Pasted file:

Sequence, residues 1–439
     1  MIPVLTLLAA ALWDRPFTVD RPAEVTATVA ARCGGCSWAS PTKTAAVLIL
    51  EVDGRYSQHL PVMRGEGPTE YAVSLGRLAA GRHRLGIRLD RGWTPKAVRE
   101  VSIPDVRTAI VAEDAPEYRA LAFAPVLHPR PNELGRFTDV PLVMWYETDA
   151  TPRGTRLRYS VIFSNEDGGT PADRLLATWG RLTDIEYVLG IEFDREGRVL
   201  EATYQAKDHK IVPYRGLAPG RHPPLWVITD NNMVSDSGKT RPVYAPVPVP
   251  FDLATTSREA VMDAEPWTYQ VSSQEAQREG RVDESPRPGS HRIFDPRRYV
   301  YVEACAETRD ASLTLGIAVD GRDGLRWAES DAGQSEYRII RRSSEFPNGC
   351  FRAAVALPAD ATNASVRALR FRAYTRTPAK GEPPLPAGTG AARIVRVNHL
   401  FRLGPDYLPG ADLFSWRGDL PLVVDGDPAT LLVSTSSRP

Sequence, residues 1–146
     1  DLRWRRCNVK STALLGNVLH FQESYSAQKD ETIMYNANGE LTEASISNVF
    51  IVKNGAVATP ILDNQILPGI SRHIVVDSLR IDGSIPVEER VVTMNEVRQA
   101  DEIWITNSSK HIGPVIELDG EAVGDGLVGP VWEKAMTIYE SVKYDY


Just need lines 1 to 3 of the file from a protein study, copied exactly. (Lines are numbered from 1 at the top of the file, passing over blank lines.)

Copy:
Sequence, residues 1–439
     1  MIPVLTLLAA ALWDRPFTVD RPAEVTATVA ARCGGCSWAS PTKTAAVLIL
    51  EVDGRYSQHL PVMRGEGPTE YAVSLGRLAA GRHRLGIRLD RGWTPKAVRE